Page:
Date of this Version
The Review of Economics and Statistics
We use fiscal data on 2,468 oil extraction agreements in 38 countries to study tax contracts between resource-rich countries and independent oil companies. We analyze why expropriations occur and what determines the degree of oil price exposure of host countries. With asymmetric information about a country's expropriation cost, even optimal contracts feature expropriations. Near linearity in the oil price of real-world hydrocarbon contracts also helps to explain expropriations. We show theoretically and verify empirically that oil price insurance provided by tax contracts is increasing in a country's cost of expropriation and decreasing in its production expertise. The timing of actual expropriations is consistent with our model.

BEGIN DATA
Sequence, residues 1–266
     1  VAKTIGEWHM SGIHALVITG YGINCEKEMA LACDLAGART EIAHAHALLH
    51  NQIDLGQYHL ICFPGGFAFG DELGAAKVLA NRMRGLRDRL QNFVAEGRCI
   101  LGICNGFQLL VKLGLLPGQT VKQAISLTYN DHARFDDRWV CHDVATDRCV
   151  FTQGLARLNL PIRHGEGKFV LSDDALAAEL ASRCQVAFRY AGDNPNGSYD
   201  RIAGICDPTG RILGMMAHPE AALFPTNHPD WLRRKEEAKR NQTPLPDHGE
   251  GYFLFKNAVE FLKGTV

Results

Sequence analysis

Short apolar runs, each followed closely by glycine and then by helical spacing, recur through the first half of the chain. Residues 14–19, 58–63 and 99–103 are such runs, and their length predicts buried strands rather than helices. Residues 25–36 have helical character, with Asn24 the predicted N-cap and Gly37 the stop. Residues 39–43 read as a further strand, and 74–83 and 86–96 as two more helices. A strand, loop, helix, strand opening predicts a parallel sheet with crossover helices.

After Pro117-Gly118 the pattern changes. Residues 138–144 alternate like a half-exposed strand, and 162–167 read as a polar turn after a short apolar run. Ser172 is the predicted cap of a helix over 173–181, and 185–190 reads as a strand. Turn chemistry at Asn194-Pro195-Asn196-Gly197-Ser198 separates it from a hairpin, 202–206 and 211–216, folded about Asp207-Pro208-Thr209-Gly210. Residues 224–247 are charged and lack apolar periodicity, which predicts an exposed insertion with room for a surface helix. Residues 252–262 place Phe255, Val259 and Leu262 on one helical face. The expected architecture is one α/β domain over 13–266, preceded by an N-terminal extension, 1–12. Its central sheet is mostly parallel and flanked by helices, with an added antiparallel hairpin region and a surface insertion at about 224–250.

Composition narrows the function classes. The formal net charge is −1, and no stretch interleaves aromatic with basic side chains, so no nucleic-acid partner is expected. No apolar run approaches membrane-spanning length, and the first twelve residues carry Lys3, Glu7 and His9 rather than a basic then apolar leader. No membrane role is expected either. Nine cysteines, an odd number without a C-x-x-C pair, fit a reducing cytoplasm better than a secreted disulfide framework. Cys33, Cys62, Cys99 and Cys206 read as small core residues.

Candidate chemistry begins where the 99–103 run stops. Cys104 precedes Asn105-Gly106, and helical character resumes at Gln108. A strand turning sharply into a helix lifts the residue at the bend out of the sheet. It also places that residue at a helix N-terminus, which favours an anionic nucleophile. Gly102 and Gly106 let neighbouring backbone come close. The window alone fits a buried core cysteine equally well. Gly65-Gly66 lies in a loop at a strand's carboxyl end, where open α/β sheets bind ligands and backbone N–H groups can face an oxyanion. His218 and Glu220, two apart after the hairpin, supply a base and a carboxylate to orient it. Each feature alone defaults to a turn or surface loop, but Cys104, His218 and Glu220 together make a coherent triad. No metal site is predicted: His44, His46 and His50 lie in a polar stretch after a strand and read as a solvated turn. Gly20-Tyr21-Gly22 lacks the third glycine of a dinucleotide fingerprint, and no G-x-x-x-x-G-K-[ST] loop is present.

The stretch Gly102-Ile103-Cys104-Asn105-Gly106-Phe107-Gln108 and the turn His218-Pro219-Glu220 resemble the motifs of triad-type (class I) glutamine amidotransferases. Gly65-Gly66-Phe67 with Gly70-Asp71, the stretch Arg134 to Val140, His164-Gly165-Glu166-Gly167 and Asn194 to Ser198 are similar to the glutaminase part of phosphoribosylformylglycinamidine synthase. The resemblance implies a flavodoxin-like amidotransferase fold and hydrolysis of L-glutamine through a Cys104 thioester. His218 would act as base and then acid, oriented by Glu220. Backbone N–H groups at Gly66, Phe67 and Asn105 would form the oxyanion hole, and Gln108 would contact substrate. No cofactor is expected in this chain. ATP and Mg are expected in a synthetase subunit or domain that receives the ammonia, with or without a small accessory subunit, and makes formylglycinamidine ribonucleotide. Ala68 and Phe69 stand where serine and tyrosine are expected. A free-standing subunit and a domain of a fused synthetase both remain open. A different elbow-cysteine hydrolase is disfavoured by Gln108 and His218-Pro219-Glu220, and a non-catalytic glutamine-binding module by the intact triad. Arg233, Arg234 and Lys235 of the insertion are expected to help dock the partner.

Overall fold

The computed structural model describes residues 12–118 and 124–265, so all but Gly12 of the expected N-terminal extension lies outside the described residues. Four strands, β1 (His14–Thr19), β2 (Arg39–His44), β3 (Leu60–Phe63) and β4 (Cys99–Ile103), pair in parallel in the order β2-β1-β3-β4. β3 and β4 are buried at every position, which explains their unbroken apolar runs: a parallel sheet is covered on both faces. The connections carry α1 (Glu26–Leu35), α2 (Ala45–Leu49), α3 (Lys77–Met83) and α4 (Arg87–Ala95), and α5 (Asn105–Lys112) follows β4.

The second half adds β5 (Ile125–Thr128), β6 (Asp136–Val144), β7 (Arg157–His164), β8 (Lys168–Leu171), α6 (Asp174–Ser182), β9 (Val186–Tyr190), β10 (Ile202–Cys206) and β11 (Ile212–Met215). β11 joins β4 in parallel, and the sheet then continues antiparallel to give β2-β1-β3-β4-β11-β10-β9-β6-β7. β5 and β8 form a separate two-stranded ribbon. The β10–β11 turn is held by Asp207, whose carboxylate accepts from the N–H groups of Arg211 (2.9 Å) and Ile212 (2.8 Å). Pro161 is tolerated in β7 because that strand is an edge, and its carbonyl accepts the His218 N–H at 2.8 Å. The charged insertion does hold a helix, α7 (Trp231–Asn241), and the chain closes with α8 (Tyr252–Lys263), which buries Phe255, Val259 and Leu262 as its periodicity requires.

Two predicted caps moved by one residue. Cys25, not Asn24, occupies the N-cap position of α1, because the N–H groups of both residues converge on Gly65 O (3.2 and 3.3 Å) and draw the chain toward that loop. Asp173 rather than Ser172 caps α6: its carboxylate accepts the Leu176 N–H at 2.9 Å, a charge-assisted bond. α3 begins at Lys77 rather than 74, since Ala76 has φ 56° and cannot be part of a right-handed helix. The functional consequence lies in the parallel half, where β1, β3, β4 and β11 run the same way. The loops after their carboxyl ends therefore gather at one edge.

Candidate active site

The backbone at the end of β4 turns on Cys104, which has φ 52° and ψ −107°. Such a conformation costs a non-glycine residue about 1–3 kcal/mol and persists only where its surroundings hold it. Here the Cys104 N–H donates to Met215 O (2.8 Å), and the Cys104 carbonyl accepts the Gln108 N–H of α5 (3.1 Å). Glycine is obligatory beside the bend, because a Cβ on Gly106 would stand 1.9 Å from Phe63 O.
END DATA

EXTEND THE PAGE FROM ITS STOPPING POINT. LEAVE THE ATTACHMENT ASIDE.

Stroebel, J., & van Benthem, A. (2013). Resource Extraction Contracts Under Threat of Expropriation: Theory and Evidence. The Review of Economics and Statistics, 95 (5), 1622-1639. http://dx.doi.org/10.1162/REST_a_00333
Date Posted: 27 November 2017
This document has been peer reviewed.